Reverse mortgage professionals have different perspectives based on their unique markets and experiences, and that’s true of industry pros like Rich Pinnell of Primary Residential Mortgage, Inc. (PRMI) in Redding, Calif. and Laurie MacNaughton of Atlantic Coast Mortgage near Washington, D.C.
When asked about thoughts they had to keeping business moving in a tough year, each had different ideas. However, one common theme that emerged is that improvement for 2023 starts with the individual approaches by reverse mortgage professionals.
Consistency and belief in the product
Pinnell doesn’t mince words when asked about what he wants people to keep in mind regarding business in 2023 so far.
“If I had a secret, I wouldn’t tell you! I’d use it myself,” he said, laughing.
Still, consistency counts for a lot. Pinnell said he’s seen slowdowns and is sure the current one will pass — just as they have before.
“It’s the old thing, you have to get up every morning and go to work,” he said. “And if you do that, it may be slow for a while, but you just have to keep your head up and be positive about the fact that this is going to work. It always has, whether we’re going to be down for one, two or three months. It doesn’t matter.”
Being present when a senior has a need that can be met with a reverse mortgage counts for a lot, but Pinnell is also open about how he’s generally optimistic by nature.
Getting a name out to the community
“I’m always a guy where the glass is half full,” Pinnell said. “That doesn’t change in times like these. Even more, I’m confident, and I’m certainly old enough to recognize that we go through these cycles on a regular basis. Am I concerned that it won’t come back? Sure, I think a lot of people have those concerns. That doesn’t mean you get down on it.”
Sticking with what works is never a bad idea, Pinnell said, but if a situation won’t allow for it — and if a business lull is persistent enough to for downtime — remaining productive can make a big difference.
“If it’s a situation where you can’t spend the money to do what you used to do, find a different way to get your name out there,” he said. “Go volunteer. If you’re so slow that you have nothing to do, go volunteer and help a nonprofit out someplace in your town. Because you know what? That’s going to get your name out in front of people, and then people are going to look for you when they have a need.”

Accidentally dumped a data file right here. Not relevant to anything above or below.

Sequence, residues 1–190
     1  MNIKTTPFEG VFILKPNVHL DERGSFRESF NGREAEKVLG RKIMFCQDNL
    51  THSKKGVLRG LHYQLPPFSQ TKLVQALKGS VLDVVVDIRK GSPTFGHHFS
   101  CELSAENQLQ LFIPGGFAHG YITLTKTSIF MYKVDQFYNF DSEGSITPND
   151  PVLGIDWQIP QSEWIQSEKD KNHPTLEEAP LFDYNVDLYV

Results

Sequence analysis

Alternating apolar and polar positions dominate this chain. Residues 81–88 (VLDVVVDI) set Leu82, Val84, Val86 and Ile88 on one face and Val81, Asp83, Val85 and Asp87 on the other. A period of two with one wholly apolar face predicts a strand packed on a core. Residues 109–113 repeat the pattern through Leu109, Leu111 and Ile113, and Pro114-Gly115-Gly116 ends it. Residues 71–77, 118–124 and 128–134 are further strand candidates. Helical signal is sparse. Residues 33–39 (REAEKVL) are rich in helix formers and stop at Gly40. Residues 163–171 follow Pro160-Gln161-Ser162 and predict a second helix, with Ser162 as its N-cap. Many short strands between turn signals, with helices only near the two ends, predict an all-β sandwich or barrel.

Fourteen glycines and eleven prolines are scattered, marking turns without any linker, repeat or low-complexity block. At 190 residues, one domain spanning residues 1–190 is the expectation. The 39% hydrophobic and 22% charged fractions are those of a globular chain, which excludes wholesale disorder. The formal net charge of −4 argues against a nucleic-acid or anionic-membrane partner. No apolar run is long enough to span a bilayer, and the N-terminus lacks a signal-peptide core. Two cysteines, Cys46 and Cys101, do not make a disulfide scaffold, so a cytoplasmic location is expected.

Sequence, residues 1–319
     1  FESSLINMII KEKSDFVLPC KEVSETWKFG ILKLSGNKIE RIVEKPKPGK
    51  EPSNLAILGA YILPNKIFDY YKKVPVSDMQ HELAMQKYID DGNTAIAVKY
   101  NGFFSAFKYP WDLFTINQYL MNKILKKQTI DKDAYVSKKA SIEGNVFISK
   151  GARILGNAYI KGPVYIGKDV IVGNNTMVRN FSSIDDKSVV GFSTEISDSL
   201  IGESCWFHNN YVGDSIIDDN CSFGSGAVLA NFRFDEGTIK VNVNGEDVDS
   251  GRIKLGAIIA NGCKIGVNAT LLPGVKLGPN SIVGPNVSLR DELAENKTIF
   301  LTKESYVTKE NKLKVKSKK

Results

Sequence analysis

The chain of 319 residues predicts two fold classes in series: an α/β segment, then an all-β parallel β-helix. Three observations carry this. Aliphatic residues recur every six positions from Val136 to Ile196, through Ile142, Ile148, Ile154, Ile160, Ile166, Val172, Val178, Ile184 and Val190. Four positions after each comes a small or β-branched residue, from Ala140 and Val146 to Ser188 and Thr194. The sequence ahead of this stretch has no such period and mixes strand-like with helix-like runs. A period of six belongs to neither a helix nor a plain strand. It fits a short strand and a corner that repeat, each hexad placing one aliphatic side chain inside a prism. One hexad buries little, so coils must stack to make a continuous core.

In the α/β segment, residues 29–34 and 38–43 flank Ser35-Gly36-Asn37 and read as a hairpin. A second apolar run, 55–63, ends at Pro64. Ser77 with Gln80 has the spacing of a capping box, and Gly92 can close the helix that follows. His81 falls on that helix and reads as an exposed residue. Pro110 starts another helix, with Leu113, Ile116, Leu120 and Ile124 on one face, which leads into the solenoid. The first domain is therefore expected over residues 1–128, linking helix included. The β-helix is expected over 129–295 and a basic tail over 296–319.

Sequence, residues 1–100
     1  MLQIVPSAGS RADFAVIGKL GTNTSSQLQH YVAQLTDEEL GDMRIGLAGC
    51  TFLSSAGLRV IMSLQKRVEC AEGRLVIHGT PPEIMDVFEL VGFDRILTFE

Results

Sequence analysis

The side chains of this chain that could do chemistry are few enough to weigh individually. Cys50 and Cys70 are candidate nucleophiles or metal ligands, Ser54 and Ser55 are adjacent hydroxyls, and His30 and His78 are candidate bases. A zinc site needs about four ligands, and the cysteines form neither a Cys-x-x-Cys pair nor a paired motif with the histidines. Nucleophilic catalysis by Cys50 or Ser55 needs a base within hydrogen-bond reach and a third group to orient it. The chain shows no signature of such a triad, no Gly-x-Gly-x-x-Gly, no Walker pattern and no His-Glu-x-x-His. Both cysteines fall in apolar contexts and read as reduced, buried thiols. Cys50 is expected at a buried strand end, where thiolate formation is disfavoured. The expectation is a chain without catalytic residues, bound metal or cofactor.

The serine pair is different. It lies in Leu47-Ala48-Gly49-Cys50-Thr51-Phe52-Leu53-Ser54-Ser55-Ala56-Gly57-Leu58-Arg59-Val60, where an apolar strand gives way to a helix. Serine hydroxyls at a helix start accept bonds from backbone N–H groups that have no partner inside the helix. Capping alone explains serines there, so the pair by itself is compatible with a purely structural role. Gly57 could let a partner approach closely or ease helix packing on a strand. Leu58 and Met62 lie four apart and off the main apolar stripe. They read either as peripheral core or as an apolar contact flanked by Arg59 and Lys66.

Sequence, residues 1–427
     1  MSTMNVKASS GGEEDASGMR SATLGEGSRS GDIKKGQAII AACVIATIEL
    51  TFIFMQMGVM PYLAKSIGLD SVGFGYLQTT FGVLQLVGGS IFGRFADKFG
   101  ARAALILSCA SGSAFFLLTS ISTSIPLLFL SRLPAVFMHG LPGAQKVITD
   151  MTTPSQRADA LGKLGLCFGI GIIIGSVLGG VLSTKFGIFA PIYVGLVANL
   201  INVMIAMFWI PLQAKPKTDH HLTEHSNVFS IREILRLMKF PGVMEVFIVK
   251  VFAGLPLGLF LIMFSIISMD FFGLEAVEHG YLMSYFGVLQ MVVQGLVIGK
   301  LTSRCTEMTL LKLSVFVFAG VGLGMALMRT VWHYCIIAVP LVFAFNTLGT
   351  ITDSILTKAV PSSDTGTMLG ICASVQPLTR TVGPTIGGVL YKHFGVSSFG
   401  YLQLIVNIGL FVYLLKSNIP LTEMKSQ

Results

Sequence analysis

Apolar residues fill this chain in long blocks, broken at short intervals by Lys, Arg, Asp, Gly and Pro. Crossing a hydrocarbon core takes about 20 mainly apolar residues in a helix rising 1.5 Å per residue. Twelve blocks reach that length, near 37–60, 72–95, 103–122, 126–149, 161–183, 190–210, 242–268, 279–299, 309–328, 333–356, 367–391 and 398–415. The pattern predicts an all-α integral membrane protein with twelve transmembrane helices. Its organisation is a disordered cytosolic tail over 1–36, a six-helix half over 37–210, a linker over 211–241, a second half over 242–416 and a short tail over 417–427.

Going with your gut
When asked about what advice MacNaughton might have for a reverse professional to keep business moving, her teaching instincts come out.
“Around 2007-08 when I first got into this business, things were looking pretty rocky in the economy,” she said. “I started going into in-home care provider offices and teaching about reverse mortgages, and [a fellow professional] said to me that I was wasting my time, telling me they tried talking to in-home care providers for years and it just didn’t work.’”
Looking back, MacNaughton said the professional should have specified that their efforts didn’t work rather than trying to discourage someone else from seeking a referral partnership.
“What [that professional] should have said is, ‘I tried that for years, and it didn’t work for me. I’ll be interested to see if it works for you,’” MacNaughton said. “And for the next several years, in-home health care providers were the number one referral partner [I had] before I really got my sea legs under me and figured out how to work with elder law attorneys, real estate professionals and financial advisors. And I think sometimes you have to go with your gut.”
MacNaughton has also seen colleagues who try to post up and speak to seniors in continuing care retirement communities (CCRCs) because they can encounter a lot of seniors there, but there are some key details about a place that her peer may be overlooking.
“People in the CCRCs, almost by definition, have already sold the property,” she said. “So what would I say to my reverse mortgage colleagues is, take a few days and really do a serious market analysis of where the people are that you want to talk to. Ask yourself where your own gifts lie, and then how you are going to get to the people you really want to talk to. Are you playing to your strengths?”
Sometimes it requires a hard look at your own skill set — and doing what you can to cater to it effectively, she says.
“If you’re in this business, you probably have analytical skills,” she said. “Use them, and then write up a good game plan.”